Vadim's Work

Back in Kearney: From Russia, (Vadim), with Assylkhan Artykapaev of the National Ecological Society of Kazakhstan (hat), and Ata K. Aberdayev, the Chairman of the Turkmenistan Falconry Society (see first picture above), with love….developing.  And yes, there were many cool hats! 

REF’s booth was quite popular with the international delegates as many of them were familiar with Vadim Gorbatov’s outstanding falconry paintings depicting many different cultural relationships between people and raptors that go back thousands of years.  Vadim and his son, Andrei, had printed a representative cross-section of Vadim’s paintings in a print series which sold very quickly.  One delegate from Holland came up to the booth,  and when he saw Vadim’s prints, he simply bought one of each, 25 all together. These were signed prints and it was the first time they were available to an American audience.

An image from the Turkmenistan Falconry Society calendar gifted to REF by Ata K. Abedayev.

 

Photo by Vadim Gorbatov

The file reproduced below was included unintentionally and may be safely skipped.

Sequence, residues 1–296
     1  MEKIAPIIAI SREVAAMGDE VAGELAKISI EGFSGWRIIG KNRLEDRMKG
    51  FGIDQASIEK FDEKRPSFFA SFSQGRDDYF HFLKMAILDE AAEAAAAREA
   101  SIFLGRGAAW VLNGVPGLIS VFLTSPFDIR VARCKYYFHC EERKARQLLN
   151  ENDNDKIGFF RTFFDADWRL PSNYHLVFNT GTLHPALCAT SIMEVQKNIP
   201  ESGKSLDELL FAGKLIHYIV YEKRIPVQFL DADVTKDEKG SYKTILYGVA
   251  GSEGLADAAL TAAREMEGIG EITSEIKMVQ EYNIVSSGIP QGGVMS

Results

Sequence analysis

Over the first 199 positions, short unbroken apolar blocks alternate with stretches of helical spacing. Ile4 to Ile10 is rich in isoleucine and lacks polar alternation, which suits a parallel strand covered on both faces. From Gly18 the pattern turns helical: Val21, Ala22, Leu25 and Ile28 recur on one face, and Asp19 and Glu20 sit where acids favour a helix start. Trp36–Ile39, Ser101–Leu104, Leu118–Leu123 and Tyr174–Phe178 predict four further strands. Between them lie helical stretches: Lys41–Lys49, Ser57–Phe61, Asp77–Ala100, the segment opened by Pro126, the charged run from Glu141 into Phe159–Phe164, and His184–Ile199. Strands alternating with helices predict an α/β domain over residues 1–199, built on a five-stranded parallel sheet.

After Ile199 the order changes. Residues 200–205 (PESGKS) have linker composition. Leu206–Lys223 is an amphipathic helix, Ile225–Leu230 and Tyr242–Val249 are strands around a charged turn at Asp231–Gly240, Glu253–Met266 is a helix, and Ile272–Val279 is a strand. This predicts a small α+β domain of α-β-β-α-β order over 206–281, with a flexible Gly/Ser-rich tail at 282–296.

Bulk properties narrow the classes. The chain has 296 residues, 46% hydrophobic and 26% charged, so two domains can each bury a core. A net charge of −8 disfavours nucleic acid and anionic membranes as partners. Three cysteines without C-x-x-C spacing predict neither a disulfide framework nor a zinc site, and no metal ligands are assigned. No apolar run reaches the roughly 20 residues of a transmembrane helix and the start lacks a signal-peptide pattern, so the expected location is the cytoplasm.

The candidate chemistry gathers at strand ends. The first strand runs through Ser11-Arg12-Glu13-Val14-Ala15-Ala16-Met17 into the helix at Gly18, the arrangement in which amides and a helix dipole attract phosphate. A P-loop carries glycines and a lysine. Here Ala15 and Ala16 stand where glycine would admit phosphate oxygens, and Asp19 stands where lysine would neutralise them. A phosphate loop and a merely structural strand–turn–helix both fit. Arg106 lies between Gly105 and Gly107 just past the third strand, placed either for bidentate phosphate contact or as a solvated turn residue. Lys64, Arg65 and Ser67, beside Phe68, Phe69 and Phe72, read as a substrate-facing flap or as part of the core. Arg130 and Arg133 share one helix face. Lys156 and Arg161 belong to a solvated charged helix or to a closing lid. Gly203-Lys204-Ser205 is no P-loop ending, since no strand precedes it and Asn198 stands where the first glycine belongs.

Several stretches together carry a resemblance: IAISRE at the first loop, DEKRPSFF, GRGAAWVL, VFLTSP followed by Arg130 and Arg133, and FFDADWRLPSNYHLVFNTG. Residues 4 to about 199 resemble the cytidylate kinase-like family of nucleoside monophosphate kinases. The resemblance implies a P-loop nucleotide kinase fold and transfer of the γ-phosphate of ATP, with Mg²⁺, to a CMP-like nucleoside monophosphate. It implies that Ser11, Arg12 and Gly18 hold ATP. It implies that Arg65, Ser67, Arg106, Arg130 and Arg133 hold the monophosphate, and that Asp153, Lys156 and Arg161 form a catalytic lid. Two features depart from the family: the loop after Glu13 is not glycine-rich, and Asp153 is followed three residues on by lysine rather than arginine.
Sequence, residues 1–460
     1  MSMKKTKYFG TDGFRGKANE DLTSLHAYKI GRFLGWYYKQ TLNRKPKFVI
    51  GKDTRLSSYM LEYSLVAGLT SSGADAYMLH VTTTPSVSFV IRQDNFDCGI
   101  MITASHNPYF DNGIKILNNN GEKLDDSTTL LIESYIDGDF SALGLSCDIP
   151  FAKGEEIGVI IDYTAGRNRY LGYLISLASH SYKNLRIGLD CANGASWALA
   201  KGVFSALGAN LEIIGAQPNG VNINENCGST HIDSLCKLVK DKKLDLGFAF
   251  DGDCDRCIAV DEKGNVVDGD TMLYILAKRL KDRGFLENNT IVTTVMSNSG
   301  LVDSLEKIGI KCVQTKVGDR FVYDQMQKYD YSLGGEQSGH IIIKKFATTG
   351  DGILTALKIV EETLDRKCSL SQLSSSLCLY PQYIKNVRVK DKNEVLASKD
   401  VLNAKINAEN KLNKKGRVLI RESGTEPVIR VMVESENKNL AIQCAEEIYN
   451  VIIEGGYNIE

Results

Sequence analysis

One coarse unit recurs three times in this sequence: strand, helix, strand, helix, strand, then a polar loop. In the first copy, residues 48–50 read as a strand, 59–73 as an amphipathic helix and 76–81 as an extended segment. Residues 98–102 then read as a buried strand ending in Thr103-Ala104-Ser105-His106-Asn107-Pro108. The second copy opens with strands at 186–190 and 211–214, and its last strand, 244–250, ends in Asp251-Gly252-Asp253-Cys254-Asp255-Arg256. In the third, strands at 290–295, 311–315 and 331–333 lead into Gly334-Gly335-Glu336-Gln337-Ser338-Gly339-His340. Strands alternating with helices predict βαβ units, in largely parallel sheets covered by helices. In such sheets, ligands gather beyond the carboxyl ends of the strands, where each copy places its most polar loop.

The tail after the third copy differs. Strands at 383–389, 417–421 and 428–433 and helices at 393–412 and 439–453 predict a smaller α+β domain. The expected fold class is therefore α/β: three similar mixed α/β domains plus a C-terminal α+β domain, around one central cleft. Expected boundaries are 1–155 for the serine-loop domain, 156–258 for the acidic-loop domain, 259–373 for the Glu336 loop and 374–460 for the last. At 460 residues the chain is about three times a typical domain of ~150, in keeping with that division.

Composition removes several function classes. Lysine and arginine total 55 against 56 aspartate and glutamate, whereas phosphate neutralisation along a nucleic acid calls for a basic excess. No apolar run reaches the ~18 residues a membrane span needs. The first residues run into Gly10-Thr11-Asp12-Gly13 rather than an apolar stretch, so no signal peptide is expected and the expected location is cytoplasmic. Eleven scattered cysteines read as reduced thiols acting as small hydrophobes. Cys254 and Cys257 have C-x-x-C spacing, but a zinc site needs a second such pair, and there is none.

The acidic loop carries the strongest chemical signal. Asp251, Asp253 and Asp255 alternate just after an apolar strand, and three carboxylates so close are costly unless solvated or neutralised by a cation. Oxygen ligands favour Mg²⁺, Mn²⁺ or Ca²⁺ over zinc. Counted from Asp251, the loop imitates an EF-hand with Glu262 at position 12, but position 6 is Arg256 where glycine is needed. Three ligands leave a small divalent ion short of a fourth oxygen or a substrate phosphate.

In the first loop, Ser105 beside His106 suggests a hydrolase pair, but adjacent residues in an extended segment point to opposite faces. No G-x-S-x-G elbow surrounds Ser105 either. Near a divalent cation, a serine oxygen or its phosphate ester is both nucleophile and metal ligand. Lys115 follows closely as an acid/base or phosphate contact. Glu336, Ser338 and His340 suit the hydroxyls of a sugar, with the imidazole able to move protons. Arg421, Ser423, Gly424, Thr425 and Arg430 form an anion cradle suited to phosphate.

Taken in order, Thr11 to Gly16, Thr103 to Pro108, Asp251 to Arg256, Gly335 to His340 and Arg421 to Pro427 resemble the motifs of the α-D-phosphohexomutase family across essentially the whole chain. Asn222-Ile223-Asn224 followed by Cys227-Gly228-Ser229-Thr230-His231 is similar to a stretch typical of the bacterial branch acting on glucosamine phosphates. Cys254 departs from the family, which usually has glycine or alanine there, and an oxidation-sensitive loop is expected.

Vadim's Work

Assylkhan Artykapaev in full native falconry regalia poses with Jackhammer, one amazing male golden eagle, whose name implies both a threat and a promise. Jackhammer’s current season counts 70 hares (jackrabbits) taken up to this point with a lifetime total approaching 400. They are some “wild and crazy guys.” Developing….

 

Vadim's Work

Honestly, no alcohol was involved and no human was harmed during this picture session. Joe Atkinson, Jackhammer’s master gives everyone a wonderful moment as he does some cross-cultural dressing…it was a good thing the eagle was hooded. Joe Atkinson and Jackhammer were also included in a piece on PBS’s Nature program called Raptor Force.

photo by Anne Price